Malcolm X lectured on Lumumba and the Congo until he was assassinated in 1965. Later that year, the Congo Crisis came to an abrupt end. Army chief of staff Joseph Mobutu’s coup d’état put him in charge of a unified Congo. Mobutu, a ready ally of the United States, assured that the world’s most important deposits of uranium would not fall into Soviet hands.

So the origin story of Black Panther introduced in 1966 looks like what would have happened if Batman/Bruce Wayne’s parents had been Patrice Lumumba and Malcolm X. In the face of their murder, the loyal son dons a mask and uses the wealth at his disposal to avenge his parent’s death.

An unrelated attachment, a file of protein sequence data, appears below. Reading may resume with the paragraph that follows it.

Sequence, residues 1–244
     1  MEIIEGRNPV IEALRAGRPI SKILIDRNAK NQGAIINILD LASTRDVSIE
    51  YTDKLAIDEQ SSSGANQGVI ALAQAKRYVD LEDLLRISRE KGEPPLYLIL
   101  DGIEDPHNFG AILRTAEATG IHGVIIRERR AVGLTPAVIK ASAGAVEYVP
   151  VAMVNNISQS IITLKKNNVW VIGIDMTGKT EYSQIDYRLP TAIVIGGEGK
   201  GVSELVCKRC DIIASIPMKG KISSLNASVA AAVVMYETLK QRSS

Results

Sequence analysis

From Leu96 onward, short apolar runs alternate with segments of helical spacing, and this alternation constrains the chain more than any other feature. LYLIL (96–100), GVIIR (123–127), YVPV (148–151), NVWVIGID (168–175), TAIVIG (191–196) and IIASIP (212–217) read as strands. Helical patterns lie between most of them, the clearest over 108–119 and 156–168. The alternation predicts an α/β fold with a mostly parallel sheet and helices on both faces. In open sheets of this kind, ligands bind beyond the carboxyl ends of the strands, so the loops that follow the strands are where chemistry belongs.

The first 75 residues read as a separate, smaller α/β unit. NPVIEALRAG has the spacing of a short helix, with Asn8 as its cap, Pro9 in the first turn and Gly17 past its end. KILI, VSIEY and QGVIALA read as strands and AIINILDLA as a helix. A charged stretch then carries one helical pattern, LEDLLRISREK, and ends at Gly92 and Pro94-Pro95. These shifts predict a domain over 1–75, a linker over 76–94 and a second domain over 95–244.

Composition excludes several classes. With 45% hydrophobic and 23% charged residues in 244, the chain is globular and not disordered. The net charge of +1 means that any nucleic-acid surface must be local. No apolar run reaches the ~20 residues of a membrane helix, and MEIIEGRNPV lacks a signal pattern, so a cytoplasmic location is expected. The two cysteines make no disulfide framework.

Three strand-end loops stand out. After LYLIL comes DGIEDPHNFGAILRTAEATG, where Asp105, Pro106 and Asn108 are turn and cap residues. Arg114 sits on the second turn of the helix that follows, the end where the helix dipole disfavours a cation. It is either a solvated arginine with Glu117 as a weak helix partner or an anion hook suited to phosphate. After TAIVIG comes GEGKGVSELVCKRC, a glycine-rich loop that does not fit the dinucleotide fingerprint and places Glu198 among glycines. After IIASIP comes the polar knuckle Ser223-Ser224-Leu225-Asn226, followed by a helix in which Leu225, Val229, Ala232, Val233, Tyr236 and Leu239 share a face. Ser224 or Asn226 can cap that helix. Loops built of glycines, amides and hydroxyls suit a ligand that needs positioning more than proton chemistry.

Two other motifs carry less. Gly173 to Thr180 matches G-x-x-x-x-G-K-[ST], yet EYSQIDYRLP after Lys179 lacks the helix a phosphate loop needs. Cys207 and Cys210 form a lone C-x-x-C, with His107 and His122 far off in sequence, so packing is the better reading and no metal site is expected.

For Black Panther, this also meant keeping the world safe from the misappropriation of vibranium. And Black Panther took on white supremacy. As his story line developed, Black Panther fought apartheid in South Africa and the Klan in the southern United States.

We can now locate him in the pantheon of Marvel heroes and as the star of his own feature film. When we go looking for Wakanda, however, we can find it in a Cold War crisis and an African mine.

This story first appeared on Origins: Current Events in Historical Perspective. Follow @OriginsOSU ‏on Twitter.

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